Friday, February 4, 2011

Friday's Forgotten Books: The Links

One of the less-inept covers for this magazine, which began life as a mildly interesting sf magazine and ended its run as a mid-'60s revival of "shudder pulp" (sadistic "Scooby-Doo"-style pseudo-horror fiction)...but in these years was the bottom-of-the-market for crime fiction. Note C. B. Gilford and H. A. De Rosso as two of its actually good contributors, slumming.

Here are the entries (that I've seen--please let me know if I've missed yours or someone else's) in this week's Friday's Forgotten Books...hosted this week here, and next week by George Kelley's blog, then Patti Abbott's triumphal return to ice-riddled Detroit and to hosting the links on her blog.

Bill Crider: Backfire by Dan J. Marlowe
B. V. Lawson: Monkey Puzzle by Paula Gosling
Craig Clarke: Terrible Thrills by C. Dennis Moore
Ed Gorman: Wild Night by L. J. Washburn
Eric Peterson: King of the Wood by John Maddox Roberts
Evan Lewis: Skull-Face by Robert E. Howard
George Kelley: The Best of Larry Niven
James Reasoner: Ki-Gor, King of the Jungle by "John Peter Drummond" (John Murray Reynolds)
Jerry House: The Illustrious Dunderheads compiled by Rex Stout
John F. Norris: Mystery at Friar's Pardon by "Martin Porlock" (Philip MacDonald)
Juri Nummelin: (read in translation in Finnish, *and with probably NSFW covers*) Swap Motel by Gerald Kramer and Operation: Sex by "Kimberly Kemp" (Gilbert Fox)
Kerrie Smith: Reader, I Murdered Him edited by Jen Green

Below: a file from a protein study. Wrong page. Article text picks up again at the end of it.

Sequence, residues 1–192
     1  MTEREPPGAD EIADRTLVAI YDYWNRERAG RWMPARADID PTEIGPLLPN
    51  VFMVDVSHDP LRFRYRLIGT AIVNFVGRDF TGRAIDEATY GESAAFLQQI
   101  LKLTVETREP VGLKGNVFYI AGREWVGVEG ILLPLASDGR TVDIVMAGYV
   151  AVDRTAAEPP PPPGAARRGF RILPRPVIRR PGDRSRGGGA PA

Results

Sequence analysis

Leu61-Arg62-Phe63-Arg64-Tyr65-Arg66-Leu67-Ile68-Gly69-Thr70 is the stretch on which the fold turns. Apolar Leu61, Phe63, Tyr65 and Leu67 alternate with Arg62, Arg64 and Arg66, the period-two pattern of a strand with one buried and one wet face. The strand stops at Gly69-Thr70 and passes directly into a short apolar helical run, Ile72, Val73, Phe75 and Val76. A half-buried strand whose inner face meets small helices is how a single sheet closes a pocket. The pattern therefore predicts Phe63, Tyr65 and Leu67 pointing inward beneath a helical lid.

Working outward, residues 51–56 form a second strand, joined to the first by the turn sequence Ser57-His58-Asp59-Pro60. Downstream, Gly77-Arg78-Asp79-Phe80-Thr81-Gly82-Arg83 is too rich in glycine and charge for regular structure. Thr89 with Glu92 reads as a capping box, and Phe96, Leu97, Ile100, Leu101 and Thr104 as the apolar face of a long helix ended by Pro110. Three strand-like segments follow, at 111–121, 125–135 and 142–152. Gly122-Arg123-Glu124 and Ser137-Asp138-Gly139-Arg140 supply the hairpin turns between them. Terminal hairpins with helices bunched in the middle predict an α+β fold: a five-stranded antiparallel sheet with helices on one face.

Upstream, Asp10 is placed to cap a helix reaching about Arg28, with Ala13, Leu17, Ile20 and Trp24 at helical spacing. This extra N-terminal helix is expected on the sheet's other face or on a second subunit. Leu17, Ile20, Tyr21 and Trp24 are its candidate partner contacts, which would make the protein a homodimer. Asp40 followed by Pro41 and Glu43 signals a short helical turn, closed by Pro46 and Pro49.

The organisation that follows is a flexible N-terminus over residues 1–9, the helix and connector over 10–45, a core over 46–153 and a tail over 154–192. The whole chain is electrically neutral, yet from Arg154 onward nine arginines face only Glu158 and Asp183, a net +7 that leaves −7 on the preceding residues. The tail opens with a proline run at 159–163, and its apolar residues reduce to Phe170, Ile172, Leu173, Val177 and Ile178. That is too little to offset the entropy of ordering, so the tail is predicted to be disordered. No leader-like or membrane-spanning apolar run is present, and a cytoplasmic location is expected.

Martin Edwards: Murder in Black and White by "Evelyn Elder" (Milward Kennedy)
Paul Bishop: The Canvas Prison by Gordon DeMarco
Phil Abbott: The Time It Never Rained by Elmer Kelton
Randy Johnson: Fly Paper by Max Allan Collins
Richard L. Pangburn: Mike Dime by Barry Fantoni
Scott Cupp: Sojan the Swordsman by Michael Moorcock and Under the Warrior Star by Joe R. Lansdale

Of related interest:
Curt J. Evans: Poison for Teacher and Death Goes on Skis by Nancy Spain
James Reasoner: The Snake Den by Chuck Tyrell (Charles T. Whipple)
Juri Nummelin: Tower by Ken Bruen and Reed Farrel Coleman
Mickey Z.: Love in the Time of Dinosaurs by Kirsten Alene
Peter Enfantino: A story-by-story guide to the deservedly forgotten Web Detective Stories magazine
Rick Robinson: What I Read, 1975-1994
Robert Napier: Wild Night by L. J. Washburn
Ron Scheer: Skins by Adrian Louis
And, possibly, more links to come!


J F Norris said...


I'm the new one. You skipped over me.


Todd Mason said...

Rectified! Thanks, and welcome...

George said...

You're doing a great job, Todd. You're a natural host. I hope I can reach your high standard next week when I substitute host for Patti.

Todd Mason said...

Thanks, George...I suspect if you spell everyone's name correctly, you'll do at least as well as I have today! Also, relatively few misdirected links to recipe sites or sex-dungeon webcams also helps.

BV Lawson said...